New Color Press System Debuts
Jointly developed by German and New Hampshire firms, system uses innovative 'dry' process
PRESSMAN Alan Doyle grabs the 15th color print that rolls off the whirring Heidelberg press and examines it for quality. Alas, an errant splash of ink mars the cherry-red hair of the clown on the print.
Mr. Doyle had predicted that this press run would achieve usable quality by the 15th copy; instead, it takes until the 30th.
Still, that's not bad for a process that traditionally would take 100 or more copies before quality is up to par.
The inventors of this system say it may open up a fast-growing market for commercial printers: short press-runs of 500 to 5,000 copies that used to be too expensive because of the large up-front costs of color printing.
"That's the market that [traditional color] lithography can't touch," says Michael Bruno of Bradenton, Fla., who publishes a newsletter on graphic communications.
Whether the new press will prove viable in the marketplace remains to be seen; it now is being tested at Digital Quickcolor Inc. in Irvine, Calif.
"We should be able to at least double the productivity of the press" using the new system, says Bob McKarney, president of the Digital Quickcolor, a subsidiary of Sir Speedy Inc. printers.
The press - the offspring of a joint venture between Presstek Inc., a small New Hampshire company founded in 1987, and Heidelberger Druckmaschinen AG, a large German pressmaker - is revolutionary in that it is "dry." In the traditional process, water is applied to each plate to prevent ink from transferring to the non-image part of the plate. Great skill is required to adjust the water-ink balance every time the press is stopped, with waste of both time and paper.
In addition to its proprietary waterless plate technology, Presstek saves time with a "direct-imaging" technology that bypasses the conventional photographic method of making the four plates for a color print.
Presstek sends a document in digital form from a computer directly to the press, where the four plates are simultaneously imaged, or "burned," in 14 minutes by electric sparks. Using traditional methods, the pressman spends some time getting the plates aligned properly. Heidelberg has a 20-year conditional license on this technology, which aligns the plates in perfect register.
Still, 14 minutes is a lot of idle time for the printing press, compared to stopping for a few minutes to switch plates, notes Peter Dyson, editor of the Seybold Report on Publishing Systems. For the Heidelberg-Presstek process to succeed, "the critical ingredient is going to be getting the setup time down," he says.
The Heidelberg press, which costs a hefty $464,000, can print 8,000 sheets an hour.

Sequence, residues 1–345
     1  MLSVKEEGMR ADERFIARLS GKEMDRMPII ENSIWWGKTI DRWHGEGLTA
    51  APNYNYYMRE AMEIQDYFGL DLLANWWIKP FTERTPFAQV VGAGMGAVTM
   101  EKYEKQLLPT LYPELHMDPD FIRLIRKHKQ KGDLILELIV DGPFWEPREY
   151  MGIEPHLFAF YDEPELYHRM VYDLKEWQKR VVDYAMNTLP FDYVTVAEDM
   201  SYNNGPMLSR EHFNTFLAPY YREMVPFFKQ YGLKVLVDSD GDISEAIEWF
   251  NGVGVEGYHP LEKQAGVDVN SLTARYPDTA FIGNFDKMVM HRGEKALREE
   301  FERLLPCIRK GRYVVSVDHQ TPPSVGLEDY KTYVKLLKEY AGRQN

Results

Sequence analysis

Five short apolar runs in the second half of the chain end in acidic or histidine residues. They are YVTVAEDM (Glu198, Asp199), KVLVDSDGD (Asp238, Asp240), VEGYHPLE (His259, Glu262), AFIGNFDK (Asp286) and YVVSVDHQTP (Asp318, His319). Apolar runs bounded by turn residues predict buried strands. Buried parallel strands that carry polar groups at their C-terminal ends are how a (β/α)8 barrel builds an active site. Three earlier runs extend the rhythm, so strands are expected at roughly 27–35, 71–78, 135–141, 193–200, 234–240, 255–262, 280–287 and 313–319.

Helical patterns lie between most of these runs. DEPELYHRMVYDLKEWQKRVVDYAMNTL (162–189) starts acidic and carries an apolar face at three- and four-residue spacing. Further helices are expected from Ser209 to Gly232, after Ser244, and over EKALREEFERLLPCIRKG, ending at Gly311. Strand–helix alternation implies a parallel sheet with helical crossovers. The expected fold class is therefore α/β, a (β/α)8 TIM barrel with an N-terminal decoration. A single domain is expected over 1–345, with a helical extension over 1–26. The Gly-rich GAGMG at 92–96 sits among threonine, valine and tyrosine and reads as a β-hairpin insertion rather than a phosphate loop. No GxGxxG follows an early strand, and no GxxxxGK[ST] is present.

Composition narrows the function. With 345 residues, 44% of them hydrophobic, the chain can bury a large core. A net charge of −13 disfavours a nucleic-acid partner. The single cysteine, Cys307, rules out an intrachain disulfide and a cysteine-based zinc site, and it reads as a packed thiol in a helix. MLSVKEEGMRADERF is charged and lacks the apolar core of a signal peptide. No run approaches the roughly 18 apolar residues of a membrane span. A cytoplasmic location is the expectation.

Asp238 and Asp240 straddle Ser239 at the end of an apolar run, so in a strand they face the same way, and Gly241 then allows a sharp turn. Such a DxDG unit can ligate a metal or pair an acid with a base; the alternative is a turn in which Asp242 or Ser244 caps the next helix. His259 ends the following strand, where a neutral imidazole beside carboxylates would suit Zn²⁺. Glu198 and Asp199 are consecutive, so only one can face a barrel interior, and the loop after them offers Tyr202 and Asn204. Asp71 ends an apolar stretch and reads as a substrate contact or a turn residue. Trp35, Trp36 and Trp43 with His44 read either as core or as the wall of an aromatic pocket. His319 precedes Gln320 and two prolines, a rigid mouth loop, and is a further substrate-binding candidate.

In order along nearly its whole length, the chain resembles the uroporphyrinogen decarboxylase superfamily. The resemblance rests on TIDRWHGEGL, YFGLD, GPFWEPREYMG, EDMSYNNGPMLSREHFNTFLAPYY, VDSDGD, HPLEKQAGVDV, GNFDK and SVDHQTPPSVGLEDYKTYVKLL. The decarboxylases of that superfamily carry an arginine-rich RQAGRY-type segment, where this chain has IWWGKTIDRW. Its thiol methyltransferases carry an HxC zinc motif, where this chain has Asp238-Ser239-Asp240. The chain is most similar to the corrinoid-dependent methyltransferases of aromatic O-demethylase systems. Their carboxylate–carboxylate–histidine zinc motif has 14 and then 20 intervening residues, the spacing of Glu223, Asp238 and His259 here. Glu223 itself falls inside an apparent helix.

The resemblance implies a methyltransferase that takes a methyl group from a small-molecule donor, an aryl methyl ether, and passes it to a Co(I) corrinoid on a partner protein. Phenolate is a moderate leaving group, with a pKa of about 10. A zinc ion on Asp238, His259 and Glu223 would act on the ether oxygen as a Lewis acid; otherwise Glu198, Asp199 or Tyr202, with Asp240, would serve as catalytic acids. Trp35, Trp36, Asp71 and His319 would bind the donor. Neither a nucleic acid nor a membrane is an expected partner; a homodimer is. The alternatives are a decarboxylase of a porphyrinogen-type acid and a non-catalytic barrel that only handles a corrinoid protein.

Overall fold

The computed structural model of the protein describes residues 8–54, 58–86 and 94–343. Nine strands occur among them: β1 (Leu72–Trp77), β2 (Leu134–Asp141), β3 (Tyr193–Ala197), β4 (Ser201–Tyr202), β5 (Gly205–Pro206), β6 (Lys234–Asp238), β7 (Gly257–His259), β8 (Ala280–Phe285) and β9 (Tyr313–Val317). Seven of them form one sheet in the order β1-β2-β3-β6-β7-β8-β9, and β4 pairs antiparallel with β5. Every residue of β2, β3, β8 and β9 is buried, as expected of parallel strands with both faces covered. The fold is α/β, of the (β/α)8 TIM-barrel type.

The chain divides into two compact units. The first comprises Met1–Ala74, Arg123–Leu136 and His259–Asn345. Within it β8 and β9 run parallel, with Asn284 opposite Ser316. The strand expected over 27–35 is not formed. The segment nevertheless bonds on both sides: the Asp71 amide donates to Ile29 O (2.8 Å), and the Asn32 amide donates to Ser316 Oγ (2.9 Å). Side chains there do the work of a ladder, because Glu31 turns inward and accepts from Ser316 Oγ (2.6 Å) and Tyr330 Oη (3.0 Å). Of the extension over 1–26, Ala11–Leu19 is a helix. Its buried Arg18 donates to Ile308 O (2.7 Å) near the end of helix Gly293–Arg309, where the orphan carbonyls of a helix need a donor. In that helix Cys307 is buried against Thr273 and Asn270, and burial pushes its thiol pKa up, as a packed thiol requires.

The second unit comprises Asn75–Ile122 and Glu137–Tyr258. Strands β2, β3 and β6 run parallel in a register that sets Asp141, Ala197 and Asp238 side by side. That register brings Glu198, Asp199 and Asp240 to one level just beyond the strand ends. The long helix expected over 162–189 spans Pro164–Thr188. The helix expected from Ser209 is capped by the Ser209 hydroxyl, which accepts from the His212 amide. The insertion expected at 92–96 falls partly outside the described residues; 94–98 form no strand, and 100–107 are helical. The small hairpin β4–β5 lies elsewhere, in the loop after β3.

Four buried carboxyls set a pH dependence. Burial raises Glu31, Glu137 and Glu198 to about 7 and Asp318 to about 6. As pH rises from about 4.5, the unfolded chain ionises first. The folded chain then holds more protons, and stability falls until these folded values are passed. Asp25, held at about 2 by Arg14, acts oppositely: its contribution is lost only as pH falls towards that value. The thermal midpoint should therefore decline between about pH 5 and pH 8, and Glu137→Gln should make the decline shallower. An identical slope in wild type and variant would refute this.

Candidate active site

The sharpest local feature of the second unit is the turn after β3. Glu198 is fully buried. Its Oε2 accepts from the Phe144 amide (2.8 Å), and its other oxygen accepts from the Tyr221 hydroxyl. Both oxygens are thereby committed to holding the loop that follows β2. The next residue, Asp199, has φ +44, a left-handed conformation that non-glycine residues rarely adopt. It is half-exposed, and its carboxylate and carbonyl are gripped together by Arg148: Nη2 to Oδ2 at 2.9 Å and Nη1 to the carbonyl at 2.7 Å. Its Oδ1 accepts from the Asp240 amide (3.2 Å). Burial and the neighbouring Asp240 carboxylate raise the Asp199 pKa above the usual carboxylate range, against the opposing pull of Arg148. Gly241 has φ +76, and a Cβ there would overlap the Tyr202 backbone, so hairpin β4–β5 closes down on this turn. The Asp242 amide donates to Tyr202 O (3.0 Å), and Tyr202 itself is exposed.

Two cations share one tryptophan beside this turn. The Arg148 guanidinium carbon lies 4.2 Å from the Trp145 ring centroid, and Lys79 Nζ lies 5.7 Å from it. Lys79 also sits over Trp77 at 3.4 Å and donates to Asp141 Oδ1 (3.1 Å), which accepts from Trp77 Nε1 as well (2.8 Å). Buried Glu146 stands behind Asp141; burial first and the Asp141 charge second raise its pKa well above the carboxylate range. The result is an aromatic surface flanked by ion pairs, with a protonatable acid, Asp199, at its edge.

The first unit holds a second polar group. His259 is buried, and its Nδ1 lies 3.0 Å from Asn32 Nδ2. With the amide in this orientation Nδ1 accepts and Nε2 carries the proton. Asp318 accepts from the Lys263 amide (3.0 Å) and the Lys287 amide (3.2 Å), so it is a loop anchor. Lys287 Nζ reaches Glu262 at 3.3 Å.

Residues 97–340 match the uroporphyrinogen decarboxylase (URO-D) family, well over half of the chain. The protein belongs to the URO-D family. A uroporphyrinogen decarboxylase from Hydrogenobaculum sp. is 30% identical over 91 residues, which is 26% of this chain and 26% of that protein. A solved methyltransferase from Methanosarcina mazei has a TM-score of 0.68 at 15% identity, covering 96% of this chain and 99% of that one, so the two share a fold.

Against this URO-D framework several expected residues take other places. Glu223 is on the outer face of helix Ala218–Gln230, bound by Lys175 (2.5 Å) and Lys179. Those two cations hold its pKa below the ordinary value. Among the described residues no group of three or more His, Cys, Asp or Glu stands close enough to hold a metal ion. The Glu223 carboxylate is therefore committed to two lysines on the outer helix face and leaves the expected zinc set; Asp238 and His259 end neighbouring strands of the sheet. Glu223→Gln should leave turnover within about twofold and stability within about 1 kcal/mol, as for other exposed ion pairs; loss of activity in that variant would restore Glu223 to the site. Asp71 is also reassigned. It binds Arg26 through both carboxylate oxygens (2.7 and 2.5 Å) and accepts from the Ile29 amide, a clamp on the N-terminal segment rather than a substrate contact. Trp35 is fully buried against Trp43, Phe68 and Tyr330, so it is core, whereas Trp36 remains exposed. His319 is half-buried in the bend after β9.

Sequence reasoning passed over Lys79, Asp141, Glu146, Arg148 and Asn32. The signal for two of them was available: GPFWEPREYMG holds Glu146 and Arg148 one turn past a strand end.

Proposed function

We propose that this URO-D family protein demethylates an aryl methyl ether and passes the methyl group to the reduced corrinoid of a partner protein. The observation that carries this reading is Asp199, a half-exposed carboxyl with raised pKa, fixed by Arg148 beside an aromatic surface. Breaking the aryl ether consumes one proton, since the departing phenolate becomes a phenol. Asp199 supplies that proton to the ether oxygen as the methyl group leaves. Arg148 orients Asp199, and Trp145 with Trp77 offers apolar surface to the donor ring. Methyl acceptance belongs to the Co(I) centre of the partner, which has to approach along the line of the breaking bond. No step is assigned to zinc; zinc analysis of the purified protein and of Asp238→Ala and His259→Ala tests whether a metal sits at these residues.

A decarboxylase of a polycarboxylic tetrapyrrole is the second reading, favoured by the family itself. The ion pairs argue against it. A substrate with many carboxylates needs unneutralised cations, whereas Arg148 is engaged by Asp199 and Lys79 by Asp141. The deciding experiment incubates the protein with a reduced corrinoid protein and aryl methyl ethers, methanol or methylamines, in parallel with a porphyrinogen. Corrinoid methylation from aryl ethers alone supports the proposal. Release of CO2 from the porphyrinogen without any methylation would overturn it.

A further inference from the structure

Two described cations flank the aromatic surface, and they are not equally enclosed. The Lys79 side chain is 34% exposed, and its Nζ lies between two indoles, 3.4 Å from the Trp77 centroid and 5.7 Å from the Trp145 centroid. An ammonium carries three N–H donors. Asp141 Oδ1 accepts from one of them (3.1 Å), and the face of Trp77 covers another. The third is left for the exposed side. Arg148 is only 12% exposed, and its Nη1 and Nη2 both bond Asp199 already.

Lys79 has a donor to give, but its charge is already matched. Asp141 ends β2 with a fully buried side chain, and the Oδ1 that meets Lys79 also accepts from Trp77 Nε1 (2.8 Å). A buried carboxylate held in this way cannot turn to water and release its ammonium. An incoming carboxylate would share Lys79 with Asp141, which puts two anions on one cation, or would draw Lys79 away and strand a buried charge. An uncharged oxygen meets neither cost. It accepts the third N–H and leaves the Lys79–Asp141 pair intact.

The Heidelberg-Presstek system is coming on line at a time of rapid change in publishing technology. The 1980s saw evolution of "prepress" equipment that enables graphic designers to create color documents using ever-cheaper desktop machines. Today, photographs can be cropped, text edited, and the whole package positioned on a page using computer workstations. And more and more computers are being adapted to full-color display.
But once a promotional flyer, product brochure, or newsletter is ready to go from computer to printing press, the customer runs up against high, fixed costs.
For large press runs - 10,000 or more copies - these one-time costs are not so significant. But they are substantial for short runs. Bill Ohm, Presstek's marketing manager, estimates that printing a run of 1,000 copies would cost $526 by traditional methods and about $115 with Presstek's patented system.
Color photocopies, though of lower quality, are competitive in price with Presstek up to about 150 or 200 copies, according to Frank Romano, who runs a printing center in Salem, N.H. But as quantity goes up, the per-copy cost stays the same - $850 for 1,000 copies - and quality suffers, Mr. Romano says.
Currently, 56 percent of all print jobs are batches of 500 to 5,000 copies, according to market research done by Romano's consulting business, GAMA Communications. The survey took photocopy jobs and computer printouts into account, as well as commercial printing.
Of this short-run segment of the market, only 4 percent of the jobs currently are done in color. Mr. Bruno projects that color printing is likely to grow by 1995 to 16 percent of all jobs of 500 to 2,000 copies, and 24 percent of the jobs of 2,000 to 5,000 copies.
Other companies, among them Printware Inc. in St. Paul, Minn., and Gerber Scientific Instrument Company in Hartford, Conn., are coming out with advances in direct-imaging technology, often using laser technology instead of electric sparks. Presstek's system is different because it is waterless and makes the plates on the press in register. (Mr. Dyson says a different waterless method has been in use for several years for the longer press-runs of newspapers.)
The traditional photographic system of plate-making still has advantages, Dyson says, such as the ease of storing film - as opposed to memory-intensive computer data - for making new copies of a plate. But he foresees a growing role for new technologies in the industry.
Presstek, whose stock is traded on the NASDAQ market, is also developing an off-press, direct-imaging system in cooperation with Lino-Hell AG, a leading maker of prepress equipment. Plates made off-press could then be used with presses other than Heidelberg's.
Bruno says the Presstek system requires fairly high-quality paper and therefore would not work well with newsprint, the paper used in newspapers.